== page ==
I had intended to continue painting these the day after undercoating
but the arrival of visitors meant that the painting of free minis had
to take second place to a social life, who'da thunk it?!
So the wee, wee men, as they have started to get called in our house,
have had plenty of time to dry, though I don't think they needed it. As
I don't know anything about this period, as I think I mentioned before,
there may be some variance with the number of regiments and the historical
reality, as I suppose one regiment should equal one element and I have
multiple elements belonging to the same regiment.
The painting guide supplied gives me two main coat colours for French
troops, grey and red. I decide that the bulk of the French Cavalry and
Infantry shall be in grey, the exceptions being the General, the dragoons
and maybe some infantry types to attach to the General's element if there
is space for them, to further distinguish them from normal cavalry.
Taking another brush that had offended me I set about drybrushing (Grey
- Vallejo Cold Grey, Red an old Humbrol I
had knocking around). The drybrushing actually required MORE paint to
be left on the rush than I am used to to really transfer to the figures.
Already the effect of mass troops that is the advantage of 6mm can be
seen. I'm wondering if the grey coated ones are too dark still, I'll see
how the contrast goes when some colour is applied.
At this stage the troops have one brown for
the hair and another for the staves and muskets. This is one pain of detail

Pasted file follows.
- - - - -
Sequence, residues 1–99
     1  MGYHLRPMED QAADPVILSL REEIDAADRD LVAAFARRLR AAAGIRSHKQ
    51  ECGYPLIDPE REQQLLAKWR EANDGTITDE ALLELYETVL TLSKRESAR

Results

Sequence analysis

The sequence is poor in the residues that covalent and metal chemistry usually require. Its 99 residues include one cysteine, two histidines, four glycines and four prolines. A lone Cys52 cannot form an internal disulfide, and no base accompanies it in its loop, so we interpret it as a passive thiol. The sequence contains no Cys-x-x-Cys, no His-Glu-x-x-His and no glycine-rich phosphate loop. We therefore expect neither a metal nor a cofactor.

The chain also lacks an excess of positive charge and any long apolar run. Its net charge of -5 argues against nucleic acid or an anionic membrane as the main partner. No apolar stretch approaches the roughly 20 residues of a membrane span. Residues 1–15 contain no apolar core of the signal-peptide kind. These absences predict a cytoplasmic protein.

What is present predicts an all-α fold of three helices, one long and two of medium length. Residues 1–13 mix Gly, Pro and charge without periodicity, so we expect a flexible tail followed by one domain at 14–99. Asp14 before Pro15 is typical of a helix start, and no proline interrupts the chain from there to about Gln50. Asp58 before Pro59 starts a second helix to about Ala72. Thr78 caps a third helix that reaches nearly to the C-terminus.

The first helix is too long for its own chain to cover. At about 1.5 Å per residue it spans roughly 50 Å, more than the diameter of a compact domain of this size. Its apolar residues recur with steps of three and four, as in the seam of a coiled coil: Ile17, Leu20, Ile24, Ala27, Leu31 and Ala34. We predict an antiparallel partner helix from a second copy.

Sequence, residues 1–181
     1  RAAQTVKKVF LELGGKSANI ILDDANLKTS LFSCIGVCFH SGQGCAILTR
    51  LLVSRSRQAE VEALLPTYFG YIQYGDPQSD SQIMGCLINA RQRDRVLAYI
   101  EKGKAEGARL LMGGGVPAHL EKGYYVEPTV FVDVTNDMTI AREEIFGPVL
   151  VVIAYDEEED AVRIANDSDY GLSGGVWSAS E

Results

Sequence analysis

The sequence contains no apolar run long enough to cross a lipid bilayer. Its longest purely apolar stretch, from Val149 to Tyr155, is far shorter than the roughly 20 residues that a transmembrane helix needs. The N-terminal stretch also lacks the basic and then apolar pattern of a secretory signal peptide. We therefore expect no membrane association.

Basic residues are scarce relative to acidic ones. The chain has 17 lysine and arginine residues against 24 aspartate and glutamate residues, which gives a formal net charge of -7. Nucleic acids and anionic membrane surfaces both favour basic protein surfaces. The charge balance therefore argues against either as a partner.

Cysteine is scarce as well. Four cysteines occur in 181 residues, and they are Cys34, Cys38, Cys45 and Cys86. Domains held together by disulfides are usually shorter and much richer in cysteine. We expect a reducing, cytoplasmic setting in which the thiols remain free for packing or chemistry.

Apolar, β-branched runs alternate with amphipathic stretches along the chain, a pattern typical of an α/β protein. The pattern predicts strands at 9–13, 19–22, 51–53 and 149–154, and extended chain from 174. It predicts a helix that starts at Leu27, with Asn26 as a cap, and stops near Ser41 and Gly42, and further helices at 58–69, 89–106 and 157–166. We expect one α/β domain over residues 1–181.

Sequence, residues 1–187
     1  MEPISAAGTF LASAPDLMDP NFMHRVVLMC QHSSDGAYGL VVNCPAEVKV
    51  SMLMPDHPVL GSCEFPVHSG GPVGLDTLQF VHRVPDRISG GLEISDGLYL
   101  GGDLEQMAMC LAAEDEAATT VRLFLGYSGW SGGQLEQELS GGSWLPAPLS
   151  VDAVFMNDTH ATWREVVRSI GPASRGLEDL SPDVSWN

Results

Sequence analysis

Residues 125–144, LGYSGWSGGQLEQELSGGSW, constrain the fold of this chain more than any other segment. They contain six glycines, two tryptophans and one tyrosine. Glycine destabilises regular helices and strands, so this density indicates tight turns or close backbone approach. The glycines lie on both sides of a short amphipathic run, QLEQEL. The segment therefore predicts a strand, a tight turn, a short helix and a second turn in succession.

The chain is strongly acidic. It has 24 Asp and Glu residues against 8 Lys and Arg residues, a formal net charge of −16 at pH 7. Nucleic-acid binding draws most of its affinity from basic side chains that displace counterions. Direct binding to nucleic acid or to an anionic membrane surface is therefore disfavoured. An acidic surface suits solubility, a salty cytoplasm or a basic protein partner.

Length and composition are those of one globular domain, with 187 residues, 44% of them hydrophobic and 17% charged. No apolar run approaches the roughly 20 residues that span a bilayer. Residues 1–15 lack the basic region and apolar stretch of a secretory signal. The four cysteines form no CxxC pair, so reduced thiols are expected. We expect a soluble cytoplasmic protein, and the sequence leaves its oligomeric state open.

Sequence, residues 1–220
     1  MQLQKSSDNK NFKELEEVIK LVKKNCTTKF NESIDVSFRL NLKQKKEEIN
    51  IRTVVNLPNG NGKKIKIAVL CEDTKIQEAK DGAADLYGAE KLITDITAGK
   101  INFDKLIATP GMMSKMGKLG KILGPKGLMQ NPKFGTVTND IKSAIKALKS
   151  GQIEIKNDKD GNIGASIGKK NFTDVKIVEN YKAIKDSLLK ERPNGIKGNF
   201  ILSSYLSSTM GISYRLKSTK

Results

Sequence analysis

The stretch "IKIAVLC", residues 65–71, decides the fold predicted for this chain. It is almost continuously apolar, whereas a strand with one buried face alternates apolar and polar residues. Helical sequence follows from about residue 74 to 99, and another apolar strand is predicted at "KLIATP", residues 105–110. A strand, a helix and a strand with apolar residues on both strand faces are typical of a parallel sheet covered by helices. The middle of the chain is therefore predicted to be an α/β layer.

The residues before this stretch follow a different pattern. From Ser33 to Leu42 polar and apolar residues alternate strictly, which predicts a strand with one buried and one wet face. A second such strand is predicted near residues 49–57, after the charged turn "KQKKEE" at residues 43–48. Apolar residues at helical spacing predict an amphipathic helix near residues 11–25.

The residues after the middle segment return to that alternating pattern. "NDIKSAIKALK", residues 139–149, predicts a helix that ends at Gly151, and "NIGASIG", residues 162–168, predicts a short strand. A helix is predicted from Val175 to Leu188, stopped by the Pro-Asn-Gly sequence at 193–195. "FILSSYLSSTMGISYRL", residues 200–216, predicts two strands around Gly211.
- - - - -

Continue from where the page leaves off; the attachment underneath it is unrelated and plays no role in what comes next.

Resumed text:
painting even this little, where the detail is between figures in the strip
you have to have a steady hand otherwise you are going to paint the opposite
coat, but so far it's not been too horrendous.
The next thing is to add the colours to the cuffs and legs of the various
These guys have the belts ands cartridge bandoliers painted in buff.
The ones on the left are the command group and the ones on the right are
the musketeers, as you can see. The command groups need drums painted
but I'm still thinking what to paint them
I used to describe painting figures as "3D paint by numbers"
because I'm not that good at art and I tended, until recently, to just
put on solid blocks of colour. With these figures it's more like Impressionism,
you convey enough into to the viewer that they fill in the gaps themselves.
Again the view of the massed troops. The flesh colour is
starting to go onto the Infantry, from here on in I'll finish the cavalry
after the infantry as they have their own foibles. The fact they
ride horses for a kick off!